Modular to the core!
PROS: modular design to accommodate different connections and sound tuning, solid build, natural tonality with deep bass, future expansions with additional functionality.
CONS: no cable included (per original product announcement), cost of additional modules.
The product was sent to me free of charge for the review purpose in exchange for my honest opinion.
MusicTeck currently offers EA Axiom with Free EA Maestro 4.4mm copper cable.
I often talk about IEM and DAP products and how their manufacturers are trying hard to stand out from the crowd with something new and original. Cable manufacturers are in the same boat, trying combinations of different exotic wire materials or going back to the drawing board to try new wire geometry. Sometimes they cross their pass and collaborate on joint releases. But that wasn’t enough for EA and they decided to take it to the next level on their own. With a recent addition of modular ConX and TermX options, you can use one EA cable to accommodate different IEM connections and different source outputs, even digital one going directly to Android or iPhone.
Introduction of ConX and TermX was a surprise, but not a shocking one. The shock came when I read about their own hybrid IEM design which they decided to make modular and to release without a cable. Any other manufacturer announcing a modular IEM design would have received praises for innovation. But instead, when a cable company announces a modular IEM without a cable, the attention goes straight to the latter part with many getting upset and completely ignoring the main idea of the design. Tbh, for me personally, I got more curious about the implementation of the design rather than the tuning because in principle you should be able to choose the module with the sound you like.
Also, I have to warn you ahead of time, this review is going to be a little different from my other IEM write ups. The review will cover Axiom with different EA cables since I found this IEM sound to be more sensitive to cable pair ups, and without a stock cable Axiom doesn’t have a “stock” baseline sound tuning. Now, after spending a month with EA Axiom, I’m finally ready to share what I found, how it sounds, and what this modular design is all about.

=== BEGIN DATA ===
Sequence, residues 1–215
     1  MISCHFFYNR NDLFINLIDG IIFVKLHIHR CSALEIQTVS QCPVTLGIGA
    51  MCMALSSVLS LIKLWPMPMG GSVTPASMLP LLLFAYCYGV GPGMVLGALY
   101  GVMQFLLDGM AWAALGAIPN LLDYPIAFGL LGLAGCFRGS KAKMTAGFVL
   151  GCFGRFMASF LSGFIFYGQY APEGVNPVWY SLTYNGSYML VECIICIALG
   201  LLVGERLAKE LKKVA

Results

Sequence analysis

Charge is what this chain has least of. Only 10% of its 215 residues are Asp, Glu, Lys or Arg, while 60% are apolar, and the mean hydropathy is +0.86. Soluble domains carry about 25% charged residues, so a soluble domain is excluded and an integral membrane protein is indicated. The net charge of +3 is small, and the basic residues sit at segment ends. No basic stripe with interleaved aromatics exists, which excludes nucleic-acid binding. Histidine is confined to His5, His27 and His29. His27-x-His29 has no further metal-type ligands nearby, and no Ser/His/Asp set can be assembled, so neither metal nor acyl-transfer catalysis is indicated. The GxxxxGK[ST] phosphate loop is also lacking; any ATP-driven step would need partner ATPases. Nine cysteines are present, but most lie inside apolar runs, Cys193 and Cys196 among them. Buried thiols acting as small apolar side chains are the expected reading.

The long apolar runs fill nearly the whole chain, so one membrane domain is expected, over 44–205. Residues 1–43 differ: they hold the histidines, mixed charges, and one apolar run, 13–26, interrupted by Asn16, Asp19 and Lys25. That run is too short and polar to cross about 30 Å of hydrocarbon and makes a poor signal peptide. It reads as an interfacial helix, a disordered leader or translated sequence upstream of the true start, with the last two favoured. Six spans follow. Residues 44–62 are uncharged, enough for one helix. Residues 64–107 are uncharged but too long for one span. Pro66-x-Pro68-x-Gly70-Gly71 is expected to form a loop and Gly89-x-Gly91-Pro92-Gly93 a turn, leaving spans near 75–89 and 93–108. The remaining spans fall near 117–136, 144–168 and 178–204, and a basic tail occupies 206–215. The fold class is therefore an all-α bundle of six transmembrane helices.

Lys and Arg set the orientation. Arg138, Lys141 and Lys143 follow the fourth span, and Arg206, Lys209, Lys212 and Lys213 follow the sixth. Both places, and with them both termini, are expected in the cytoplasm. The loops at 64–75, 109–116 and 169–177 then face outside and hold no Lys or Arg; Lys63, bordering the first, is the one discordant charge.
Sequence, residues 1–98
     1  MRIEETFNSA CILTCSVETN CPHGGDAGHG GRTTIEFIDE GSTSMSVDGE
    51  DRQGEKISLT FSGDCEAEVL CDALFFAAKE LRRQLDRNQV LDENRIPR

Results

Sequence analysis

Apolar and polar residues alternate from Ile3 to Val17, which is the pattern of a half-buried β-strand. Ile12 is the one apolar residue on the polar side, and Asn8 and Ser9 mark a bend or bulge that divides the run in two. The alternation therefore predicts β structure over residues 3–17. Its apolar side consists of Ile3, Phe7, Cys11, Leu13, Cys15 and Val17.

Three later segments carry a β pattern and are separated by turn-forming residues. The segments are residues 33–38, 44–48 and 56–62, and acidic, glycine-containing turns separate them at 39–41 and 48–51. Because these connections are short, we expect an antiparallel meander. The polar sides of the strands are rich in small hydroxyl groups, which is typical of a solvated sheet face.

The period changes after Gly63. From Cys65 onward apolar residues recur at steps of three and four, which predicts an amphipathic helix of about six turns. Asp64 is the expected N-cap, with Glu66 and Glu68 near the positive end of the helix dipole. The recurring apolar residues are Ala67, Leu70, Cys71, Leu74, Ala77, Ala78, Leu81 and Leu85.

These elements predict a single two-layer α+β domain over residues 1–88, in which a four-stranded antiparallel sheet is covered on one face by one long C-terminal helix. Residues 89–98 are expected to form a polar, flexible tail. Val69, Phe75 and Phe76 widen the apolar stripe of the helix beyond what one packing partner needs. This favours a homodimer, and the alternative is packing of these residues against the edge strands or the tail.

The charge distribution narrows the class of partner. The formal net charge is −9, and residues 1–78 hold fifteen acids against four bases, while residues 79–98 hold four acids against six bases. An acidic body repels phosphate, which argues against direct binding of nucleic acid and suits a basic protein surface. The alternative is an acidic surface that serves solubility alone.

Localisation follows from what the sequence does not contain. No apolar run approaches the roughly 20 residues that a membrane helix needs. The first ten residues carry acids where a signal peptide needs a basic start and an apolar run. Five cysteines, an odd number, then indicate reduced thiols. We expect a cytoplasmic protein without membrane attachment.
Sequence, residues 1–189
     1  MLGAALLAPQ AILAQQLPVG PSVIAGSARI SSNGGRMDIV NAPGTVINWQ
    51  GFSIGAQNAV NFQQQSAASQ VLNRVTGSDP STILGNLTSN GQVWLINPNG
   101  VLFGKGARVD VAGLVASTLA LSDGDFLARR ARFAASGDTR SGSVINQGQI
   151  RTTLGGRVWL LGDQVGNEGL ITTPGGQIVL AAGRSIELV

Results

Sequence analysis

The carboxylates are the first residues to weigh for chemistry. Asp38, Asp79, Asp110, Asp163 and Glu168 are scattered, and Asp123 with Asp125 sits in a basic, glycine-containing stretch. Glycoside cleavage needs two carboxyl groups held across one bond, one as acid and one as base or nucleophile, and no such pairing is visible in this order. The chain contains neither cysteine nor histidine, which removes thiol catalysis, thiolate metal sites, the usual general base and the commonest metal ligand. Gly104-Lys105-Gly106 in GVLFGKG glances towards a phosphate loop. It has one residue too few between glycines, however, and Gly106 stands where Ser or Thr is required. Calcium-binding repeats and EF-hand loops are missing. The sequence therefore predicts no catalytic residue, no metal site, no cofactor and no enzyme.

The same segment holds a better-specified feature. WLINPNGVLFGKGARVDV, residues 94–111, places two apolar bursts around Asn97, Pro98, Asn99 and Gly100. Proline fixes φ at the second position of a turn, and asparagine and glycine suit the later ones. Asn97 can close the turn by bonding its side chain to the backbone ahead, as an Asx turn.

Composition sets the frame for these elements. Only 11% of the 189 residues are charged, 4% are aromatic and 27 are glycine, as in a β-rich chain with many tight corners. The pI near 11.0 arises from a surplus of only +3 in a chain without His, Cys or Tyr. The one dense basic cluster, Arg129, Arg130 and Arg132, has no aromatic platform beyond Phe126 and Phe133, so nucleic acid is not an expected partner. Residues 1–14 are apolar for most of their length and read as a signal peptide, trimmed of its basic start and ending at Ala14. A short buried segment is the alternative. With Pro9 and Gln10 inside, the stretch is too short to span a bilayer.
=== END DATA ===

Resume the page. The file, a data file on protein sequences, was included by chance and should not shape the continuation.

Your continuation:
Unboxing and Accessories.
This is going to be a shorter than usual section since the unboxing experience of Axiom is rather minimalistic, though very artistic. Being environmentally friendly, Axiom arrived in a small recyclable all-cardboard sealed packaging. You will have to rip the seal off of the external sleeve to get to the box. The sleeve itself has interesting combination of colors, and inside you will also find 2 recyclable plastic cards with artwork on one side and QR codes and links on the back to find out about warranty and the story behind Axiom. The available accessories include a set of ePro silicon eartips in 3 sizes (S/M/L) and a screwdriver to remove modules.
The optional YU module also arrived in a very small minimalistic design recyclable cardboard box which included spare screws. Good idea since these screws are very small and easy to lose. But I did notice something. The DD driver magnet is so strong, that after removing a screw you can leave it “attached” to the body of the shell.
As already mentioned, the original package of Axiom doesn’t come with a cable. EA explanation of that idea is that many people own a lot of different cables and many IEMs come with cheap stock cables people end up throwing away, turning into e-waste. So, they assumed their customers already have other cables to use with Axiom. And some retailers, like MusicTeck, include a free EA Maestro copper cable with 4.4mm termination for free.
The highlight of Axiom design is their Modular Unit system, a new approach they decided to introduce where each module will host a connector and other electronic components inside of a small housing. Axiom comes with two pairs of modules, having 2pin and mmcx connectors and with the same sound tuning. Also, one optional YU module (2pin) was already released with a noticeable sound change which I assume due to a different crossover design. The module itself occupies about 1/3 of the faceplate space and could be removed and exchanged by taking out the screw from the inner side of the shell. Once removed, you can see the connection to the main host shell through 4 electric contact points. EA promises more modules with different sound tunings, and even a module with Bluetooth Wireless functionality that can turn Axiom into TWS iem.
Inside the main Axiom host shell, you have a 2-way hybrid design with 12mm DD magnesium dynamic driver with LCP suspension, tuned for bass and mids, and twin FK-series Knowles BA drivers to cover high frequencies. Axiom is easy to drive since it has 32ohm impedance and 112dB sensitivity. The shell material is aluminum alloy, matte satin black finish with titanium nozzle and chrome polish faceplate featuring beautiful hand cut Hetian Jade insert which looks like a piece of granite.
EA also announced Axiom XP version that going to cost more because it features a pure Beryllium foil 12mm DD driver and the same twin BA. Obviously, going from Magnesium to Beryllium driver will be a premium upgrade, bumping the price from $1,500 (Axiom) to $2,388 (Axiom XP). Also, Axiom XP will feature rose gold polish with the same hand cut Hetian Jade insert and high gloss (mirror) finish of the shell instead of matter finish of original Axiom design.
I found the fit of Axiom to be quite good. Though not the smallest IEM, the shell doesn’t stick out too much and sits comfortably inside my ear.